LITA-L is an unmediated on-line discussion group for those interested in all aspects of information technology, particularly as they apply to libraries and information services, to exchange information, ask questions, and post employment opportunities and other announcements. Anyone with an email address may subscribe.
The Web4Lib electronic discussion is for the discussion of issues relating to the creation, management, and support of library-based World-Wide Web servers, services, and applications.

As result, while some will subscribe only to what s/he considers *Most Relevant* to his / her personal / professional interests, others will subscribe to any / all that are considered relevant in order to be as fully aware of developments of actual or potential interest.

Observation > Some Have A Broad Perspective On Issues, Others Do Not.

As a result, those who subscribe to lists with related / similar scope will receive duplicate postings.

Although less common now [?],  with the explosion of listservs and other discussion e-lists beginning in the 1990s,  it was standard for a posting to have the heading  >>>

"Apologies For Duplicate Postings"

I later modified the header to state >>>

"Apologies For Receipt Of Duplicate Postings"

IMHO > Similar But Not Really >

I ceased including either heading at the recommendation of a well-respected information scientist a few years ago >>>

For many / some receiving duplicate postings is a major annoyance that only further overloads their Information Overload [:-)]

For  others, the 'Delete' is routinely used >> >

Some / others make use of the filtering functions in their respective e-mail system ...

Still others engage in personal / professional attacks ; criticisms of the poster  [:-(]  for posting on a discussion list  >>>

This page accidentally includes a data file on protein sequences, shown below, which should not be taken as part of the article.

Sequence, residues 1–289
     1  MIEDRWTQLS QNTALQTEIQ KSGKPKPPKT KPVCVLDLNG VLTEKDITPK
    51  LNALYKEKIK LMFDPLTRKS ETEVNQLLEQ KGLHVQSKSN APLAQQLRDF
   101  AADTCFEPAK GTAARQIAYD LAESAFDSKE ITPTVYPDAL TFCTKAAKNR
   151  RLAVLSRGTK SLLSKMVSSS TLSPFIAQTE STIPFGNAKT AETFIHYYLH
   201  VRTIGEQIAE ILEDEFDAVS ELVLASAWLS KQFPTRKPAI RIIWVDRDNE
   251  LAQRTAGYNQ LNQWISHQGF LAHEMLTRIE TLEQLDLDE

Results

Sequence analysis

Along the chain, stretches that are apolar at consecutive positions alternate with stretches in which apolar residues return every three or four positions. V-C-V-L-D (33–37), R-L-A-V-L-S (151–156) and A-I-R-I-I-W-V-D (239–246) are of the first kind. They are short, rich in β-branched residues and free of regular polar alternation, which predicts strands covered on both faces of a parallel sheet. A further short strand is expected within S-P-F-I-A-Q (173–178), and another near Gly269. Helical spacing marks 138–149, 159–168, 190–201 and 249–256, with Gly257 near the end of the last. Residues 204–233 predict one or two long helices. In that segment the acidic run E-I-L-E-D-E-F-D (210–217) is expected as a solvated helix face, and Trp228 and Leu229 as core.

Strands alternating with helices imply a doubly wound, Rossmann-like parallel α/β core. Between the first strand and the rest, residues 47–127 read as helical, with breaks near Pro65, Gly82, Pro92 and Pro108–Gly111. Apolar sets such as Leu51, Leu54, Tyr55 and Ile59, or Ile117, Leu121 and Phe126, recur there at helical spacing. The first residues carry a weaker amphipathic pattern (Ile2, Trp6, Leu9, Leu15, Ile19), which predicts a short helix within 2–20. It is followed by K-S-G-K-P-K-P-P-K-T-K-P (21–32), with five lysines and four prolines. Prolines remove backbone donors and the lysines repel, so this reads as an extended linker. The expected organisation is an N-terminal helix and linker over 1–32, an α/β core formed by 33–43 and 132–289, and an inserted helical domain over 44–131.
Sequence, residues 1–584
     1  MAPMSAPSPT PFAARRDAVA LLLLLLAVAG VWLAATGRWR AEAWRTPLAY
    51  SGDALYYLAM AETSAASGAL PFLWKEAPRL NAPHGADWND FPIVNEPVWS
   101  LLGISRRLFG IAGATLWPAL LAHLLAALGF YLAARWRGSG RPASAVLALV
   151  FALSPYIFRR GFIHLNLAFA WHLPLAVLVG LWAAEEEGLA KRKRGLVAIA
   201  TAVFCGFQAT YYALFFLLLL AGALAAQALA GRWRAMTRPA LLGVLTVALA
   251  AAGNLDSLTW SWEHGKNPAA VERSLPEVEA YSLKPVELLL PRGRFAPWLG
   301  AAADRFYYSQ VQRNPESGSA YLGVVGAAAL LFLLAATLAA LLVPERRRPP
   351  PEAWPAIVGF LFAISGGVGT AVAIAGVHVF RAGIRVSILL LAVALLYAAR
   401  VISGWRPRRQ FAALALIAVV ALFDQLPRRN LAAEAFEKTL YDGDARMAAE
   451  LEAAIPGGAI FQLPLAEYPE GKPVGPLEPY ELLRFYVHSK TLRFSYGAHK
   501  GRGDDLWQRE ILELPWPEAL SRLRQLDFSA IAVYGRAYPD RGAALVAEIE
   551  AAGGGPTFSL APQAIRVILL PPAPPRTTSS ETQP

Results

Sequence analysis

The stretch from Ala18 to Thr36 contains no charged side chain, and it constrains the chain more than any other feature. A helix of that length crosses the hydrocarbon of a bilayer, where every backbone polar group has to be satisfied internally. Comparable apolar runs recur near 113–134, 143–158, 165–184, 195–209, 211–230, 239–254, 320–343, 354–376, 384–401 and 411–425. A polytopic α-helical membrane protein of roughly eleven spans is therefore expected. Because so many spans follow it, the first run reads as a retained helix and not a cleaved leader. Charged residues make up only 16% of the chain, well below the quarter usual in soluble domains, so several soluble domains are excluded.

Aren't They 'Discussion' Lists? [:-)]

It has occurred to me that we have not significantly developed or lobbied for a DeDup function in e-mail services such that identical postings are either Blocked or Junked.

 BTW: As many know A DeDup or Remove Duplicate(s) function has been available in databases for many years, and has become even more importance in  Federated / Discovey services >>>

As a result of a non-exhautive Google search, I've several DeDup technologies >>>

> 1-Click Duplicate Delete


Deduper - Duplicate Remover for Microsoft® Outlook®


Duplicate Email Remover 2.15.3


IMHO: A DeDup Feature /Function Must / Should Be An Integral / Integrated Component Of All E-Mail Systems > Without Additional Cost !!!

Let The Lobbying Begin >>>  How About It ? Bill ; Eric ; Etc. >>> 


BTW> The Major Library-Related Listserv/ Discussion Services (ALA, IFLA, JISC, SLA, ETC.) Should Implement A DeDup Function ASAP >>>

IMHO > If Such A Function Currently Exists, It Should Be Widely Promoted >>>

BTW: ] I Did Do A Non-Exhaustive Search But Did Not Find Such A Function [?][

But ... It Could Be Me Or Our Recent Flood [:-(]

Let The Conservations Continue >>>

"Use The Difficulty" / The Time Has Come !!!

Friday, August 13, 2010

WebJunction Survey > Library Staff Report Their Use of Online Tools > 2009 vs. 2010 > Academic vs. Public